Flowers of Evil

A Convenient Hero Who
Became Our Boogeyman

In 1993, Osama bin Laden was referred to in the press as a ‘rich Saudi businessman,’ who was helping rebuild Afghanistan, after a bloody 10-year semi-occupation by the Soviet Union. ‘Rich’ was code for not being in it for the money; Saudi, that he was friends with many in the U.S. government. And businessman was meant as a compliment.
The bin Ladens did have business in the region and throughout the west. The conflict ended just before the 1989 Soviet collapse, one more powerful army, in a centuries-long list, failing to defeat the world’s biggest opium producer. The Mujahedin, the ragtag army recruited and trained to fight, now stood idle and able to new enterprises.
That December, The Independent ran a Robert Fisk mostly-supportive story on bin Laden’s presence in the mountains outside Kabul. Now that he’s dead, it may become even harder to determine whether he was already laying the groundwork for his evil masterpiece less than 10 years ahead. Or that he was even involved in the first attack on the New York’s Twin Towers, earlier that same year.
In a nutshell, that’s why the facsimile of the above Independent article is so eloquent, even after all this time from the tragedy of 9/11, of the way we easily fall prey to a manufactured version of reality. It’s also not hard to understand why so many conspiracies and falsehoods fester in the vacuum of such lack of transparency.
We still don’t know who was the monster who planned the mass murder of thousands of people, and that President Obama ordered killed last May. Then again, it’s obvious that he was much more than the act of unspeakable carnage that he’ll be forever known for. There was a time when he was even called a warrior for peace.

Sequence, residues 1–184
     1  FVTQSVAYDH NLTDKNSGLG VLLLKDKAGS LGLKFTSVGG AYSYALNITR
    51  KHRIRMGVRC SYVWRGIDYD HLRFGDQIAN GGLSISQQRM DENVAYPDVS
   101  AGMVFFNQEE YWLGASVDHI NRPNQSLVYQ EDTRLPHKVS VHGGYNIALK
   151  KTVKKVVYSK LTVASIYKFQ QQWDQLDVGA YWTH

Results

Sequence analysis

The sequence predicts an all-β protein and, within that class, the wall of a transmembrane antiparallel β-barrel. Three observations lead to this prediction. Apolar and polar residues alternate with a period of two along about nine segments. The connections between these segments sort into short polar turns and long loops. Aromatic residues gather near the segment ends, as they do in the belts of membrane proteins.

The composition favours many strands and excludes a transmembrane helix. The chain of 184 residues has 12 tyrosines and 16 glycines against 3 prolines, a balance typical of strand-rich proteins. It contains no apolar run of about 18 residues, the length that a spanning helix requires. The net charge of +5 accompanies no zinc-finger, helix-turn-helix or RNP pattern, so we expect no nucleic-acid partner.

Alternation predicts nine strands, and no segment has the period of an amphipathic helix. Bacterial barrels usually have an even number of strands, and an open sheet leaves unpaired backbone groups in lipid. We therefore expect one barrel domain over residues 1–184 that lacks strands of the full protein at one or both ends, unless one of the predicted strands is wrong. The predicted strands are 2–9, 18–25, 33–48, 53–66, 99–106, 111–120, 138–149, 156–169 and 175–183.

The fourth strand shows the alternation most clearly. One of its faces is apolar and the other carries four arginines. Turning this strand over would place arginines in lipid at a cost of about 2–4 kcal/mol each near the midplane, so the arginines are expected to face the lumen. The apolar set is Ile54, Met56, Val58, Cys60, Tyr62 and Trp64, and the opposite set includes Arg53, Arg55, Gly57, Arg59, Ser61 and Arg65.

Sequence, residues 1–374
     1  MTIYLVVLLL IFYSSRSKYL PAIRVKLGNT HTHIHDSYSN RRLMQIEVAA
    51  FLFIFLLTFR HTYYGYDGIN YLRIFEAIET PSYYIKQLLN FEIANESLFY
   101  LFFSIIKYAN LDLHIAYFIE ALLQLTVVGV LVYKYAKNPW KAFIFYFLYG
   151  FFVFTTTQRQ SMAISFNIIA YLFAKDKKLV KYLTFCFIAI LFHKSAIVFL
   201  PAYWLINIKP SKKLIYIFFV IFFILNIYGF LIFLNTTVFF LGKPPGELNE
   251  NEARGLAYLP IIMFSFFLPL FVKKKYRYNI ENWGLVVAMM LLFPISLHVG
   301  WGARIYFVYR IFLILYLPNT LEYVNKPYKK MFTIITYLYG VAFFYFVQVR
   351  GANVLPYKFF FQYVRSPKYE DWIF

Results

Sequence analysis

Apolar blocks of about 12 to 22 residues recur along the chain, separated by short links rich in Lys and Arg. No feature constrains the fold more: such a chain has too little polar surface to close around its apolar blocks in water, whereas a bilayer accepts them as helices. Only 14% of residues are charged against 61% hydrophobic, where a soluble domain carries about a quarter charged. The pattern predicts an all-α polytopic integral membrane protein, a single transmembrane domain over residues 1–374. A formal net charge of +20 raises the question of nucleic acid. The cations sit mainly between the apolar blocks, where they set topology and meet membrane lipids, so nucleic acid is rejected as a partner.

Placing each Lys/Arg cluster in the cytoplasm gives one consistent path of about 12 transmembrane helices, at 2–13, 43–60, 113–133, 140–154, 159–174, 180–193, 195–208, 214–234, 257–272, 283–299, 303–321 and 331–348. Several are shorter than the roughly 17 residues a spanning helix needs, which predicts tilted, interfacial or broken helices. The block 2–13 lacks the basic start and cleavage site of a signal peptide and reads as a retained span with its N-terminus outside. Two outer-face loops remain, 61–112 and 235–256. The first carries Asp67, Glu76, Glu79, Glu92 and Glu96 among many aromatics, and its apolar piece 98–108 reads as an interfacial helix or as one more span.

Many still think that to execute him, instead of bringing him to justice, was a missed opportunity to shed light on his particular leadership of terror, and the very nature of despicable acts of mass extermination. But chances are that politics and religion could have gotten in the way, and work to his advantage, and not to his victims.
THE HATE HARVEST
In the end, we’re now the ones sending our young to die in Afghanistan, which won’t ever be ‘fixed,’ in the way that some very powerful and very dangerous people would like it to be. And despite all contrition and promises of redemption, we remain utterly dissociated and puzzled by the factors that led us to what happened today, 12 years ago. And the word factors here is an overstatement.
We’ll dutifully remember those who paid with their lives on that day, and the ones that followed it, in U.S. soil and in the distant lands. But we can no longer pretend that the thread linking that infamous day with what’s going on in Iraq and Afghanistan hasn’t already been ruptured long ago.
We’ll pay our respects and meditate on those lives that were not meant to be. Just don’t ask us to forget that, given the right conditions, we may be willing to consider someone a friend, just because he could be a convenient foe to those we don’t like.
We’d love to think that there can be no other Hitler, or Stalin, or Papa Duvalier, or Osama bin Laden. We’re afraid, however, than in Port of Prince slums, or in Syrian refugee camps, or in the squalor dumps of Gaza, hungry little children dream of one day grow up and be given a weapon to fight for something, anything, that can pass for the empowerment stolen from them at such young age.